• That’s part of the reason I was so interested in it! All that initial testing and surprises are outta the way.
          With it being a synthetic stock scratches are only a can of Berliner away if they’re an issue and it has the adjustable combination riser.

          • Autocorrect caught me slippin’ again, it’s either pick one of their options or it’ll pick one for me.
            Got a email from PA telling me my order has been shipped but the tracking number shows nothing yet.
            Guess it’s sitting on the dock waiting for Fed ex to pick it up. At least it’s showing the correct address!

            • Tracking is such a rush! Waiting waiting waiting waiting, IT MOVED! Waiting waiting waiting waiting YES! Next stop! Lol. I wont have to worry too much about bedliner, Johns idea of scratches and mine are just a little different, not to get you green, but I found two when I pulled out my microscope. 🙂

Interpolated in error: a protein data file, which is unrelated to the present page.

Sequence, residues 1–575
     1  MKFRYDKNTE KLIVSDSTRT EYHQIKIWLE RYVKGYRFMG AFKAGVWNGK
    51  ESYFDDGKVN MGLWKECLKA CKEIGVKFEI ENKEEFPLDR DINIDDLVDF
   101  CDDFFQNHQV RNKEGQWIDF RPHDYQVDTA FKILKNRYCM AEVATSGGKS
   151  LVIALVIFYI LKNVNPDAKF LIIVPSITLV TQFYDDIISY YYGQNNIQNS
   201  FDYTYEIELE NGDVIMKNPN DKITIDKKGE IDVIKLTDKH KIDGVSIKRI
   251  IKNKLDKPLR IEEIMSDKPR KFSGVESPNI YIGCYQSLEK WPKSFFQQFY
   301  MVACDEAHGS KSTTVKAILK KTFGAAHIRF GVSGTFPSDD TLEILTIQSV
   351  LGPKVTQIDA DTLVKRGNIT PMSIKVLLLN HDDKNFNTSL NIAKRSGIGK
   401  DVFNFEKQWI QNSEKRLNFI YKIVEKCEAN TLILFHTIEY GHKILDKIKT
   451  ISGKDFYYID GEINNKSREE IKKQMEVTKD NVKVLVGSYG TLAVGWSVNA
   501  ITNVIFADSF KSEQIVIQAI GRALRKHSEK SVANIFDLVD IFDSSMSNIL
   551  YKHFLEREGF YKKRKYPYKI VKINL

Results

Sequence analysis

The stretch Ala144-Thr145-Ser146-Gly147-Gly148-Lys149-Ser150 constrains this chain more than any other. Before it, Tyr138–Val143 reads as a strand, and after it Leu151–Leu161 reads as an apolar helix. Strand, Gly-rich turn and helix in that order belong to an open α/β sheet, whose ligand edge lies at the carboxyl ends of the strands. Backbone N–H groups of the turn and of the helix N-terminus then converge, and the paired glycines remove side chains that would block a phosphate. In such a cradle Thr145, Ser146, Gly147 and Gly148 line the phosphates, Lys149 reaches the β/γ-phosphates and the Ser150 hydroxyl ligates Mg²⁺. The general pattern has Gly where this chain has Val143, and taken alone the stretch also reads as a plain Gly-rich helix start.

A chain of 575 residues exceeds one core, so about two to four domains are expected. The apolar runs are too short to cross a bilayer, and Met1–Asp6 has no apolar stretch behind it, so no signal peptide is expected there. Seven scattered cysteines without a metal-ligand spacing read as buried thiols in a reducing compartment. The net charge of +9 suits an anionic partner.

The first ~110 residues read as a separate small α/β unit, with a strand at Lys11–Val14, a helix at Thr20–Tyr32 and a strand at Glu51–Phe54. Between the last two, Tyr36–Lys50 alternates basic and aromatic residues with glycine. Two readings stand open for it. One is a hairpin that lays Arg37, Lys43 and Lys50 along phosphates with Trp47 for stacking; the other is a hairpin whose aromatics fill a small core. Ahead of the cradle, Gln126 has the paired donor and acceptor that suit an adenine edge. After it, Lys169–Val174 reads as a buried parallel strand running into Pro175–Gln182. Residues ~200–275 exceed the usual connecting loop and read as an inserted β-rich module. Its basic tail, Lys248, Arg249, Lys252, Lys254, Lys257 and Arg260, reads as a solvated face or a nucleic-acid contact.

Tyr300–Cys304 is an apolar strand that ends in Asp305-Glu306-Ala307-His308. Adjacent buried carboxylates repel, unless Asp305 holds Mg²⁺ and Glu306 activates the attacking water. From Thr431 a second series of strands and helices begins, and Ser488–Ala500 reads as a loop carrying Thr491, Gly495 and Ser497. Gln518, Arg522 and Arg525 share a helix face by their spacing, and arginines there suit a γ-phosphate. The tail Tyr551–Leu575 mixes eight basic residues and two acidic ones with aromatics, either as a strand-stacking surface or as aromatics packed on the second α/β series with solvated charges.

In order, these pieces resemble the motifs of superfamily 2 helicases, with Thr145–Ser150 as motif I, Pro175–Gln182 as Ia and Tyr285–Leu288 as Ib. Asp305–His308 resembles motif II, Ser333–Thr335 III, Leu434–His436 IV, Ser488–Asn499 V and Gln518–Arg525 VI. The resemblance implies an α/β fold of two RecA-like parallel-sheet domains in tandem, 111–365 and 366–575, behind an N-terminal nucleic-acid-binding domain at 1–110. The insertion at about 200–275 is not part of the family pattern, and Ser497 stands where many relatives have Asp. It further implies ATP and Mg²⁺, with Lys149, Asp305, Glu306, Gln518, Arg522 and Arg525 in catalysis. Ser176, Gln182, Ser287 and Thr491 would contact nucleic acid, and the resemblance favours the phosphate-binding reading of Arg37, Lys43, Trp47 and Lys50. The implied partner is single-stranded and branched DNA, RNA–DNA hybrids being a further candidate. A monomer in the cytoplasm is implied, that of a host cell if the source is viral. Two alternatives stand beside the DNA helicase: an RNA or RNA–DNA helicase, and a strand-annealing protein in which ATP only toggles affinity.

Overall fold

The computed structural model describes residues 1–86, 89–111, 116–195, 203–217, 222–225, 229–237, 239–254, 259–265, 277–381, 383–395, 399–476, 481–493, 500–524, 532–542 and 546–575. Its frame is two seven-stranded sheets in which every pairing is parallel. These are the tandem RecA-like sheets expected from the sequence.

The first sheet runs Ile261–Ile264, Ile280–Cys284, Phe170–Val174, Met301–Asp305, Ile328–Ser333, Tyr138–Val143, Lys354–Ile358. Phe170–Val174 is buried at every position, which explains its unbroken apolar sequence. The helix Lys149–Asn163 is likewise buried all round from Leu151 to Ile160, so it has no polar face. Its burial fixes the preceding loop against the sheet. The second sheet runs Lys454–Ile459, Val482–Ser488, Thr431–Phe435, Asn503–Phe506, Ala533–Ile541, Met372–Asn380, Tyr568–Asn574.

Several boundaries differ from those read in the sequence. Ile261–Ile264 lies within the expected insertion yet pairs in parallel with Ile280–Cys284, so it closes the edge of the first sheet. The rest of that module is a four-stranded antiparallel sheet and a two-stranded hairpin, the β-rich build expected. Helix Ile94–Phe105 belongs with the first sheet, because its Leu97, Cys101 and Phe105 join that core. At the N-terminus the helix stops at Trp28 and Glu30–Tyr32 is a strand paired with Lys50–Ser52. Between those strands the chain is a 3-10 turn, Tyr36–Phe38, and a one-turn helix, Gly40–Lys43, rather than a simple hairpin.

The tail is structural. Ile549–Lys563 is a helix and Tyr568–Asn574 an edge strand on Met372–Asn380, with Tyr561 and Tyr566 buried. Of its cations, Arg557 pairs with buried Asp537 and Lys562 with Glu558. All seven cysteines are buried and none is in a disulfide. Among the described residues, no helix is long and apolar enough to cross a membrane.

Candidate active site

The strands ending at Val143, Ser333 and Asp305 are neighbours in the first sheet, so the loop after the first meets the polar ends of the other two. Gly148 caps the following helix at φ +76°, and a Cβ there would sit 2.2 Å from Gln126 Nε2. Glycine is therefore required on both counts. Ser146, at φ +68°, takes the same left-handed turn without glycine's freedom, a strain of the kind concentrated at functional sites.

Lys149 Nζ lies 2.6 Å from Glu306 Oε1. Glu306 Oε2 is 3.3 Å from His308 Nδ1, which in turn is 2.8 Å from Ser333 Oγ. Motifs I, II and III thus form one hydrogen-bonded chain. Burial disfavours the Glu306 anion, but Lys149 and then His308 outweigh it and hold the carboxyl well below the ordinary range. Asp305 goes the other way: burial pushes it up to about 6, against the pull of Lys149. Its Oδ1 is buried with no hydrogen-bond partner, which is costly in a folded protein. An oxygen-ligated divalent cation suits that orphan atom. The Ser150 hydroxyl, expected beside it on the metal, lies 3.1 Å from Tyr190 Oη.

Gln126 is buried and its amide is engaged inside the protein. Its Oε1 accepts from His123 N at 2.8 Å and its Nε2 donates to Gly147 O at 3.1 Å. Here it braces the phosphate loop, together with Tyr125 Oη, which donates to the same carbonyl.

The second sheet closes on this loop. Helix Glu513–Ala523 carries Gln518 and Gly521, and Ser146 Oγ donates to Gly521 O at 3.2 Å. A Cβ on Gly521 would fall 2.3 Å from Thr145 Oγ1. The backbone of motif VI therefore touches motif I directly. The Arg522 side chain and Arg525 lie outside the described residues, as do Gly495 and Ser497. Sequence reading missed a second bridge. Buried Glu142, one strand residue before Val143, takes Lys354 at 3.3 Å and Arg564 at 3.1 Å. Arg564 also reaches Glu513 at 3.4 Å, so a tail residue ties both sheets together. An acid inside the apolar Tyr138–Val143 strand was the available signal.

3. Sixty pumps for 20 shots is not bad at all – three pumps per shot is a lot less that most pumpers need.

    I am surprised that there aren’t more PCP-pumpers like the FX Independence on the market.

    You would figure that a rifle with a reservoir in the stock that was large enough to store a full clip’s worth of air and a built-in pump would be the ideal hunting rifle… Pump it 30 times, load the 10-shot clip and away you go.

    I am kinda concerned with the way the center POI of groups shift around so much – that would need a whole different kind of Kentucky Windage to sort out. Looks like the rifle would benefit from a regulator.

    • It sounds like it’s almost as easy to fill as my 2400. But that other 900psi is where the extra work shows.
      Instructions called for checking the HIPac @ 2500 and I can tell by the resistance there that 2900 is gonna be a challenge for me.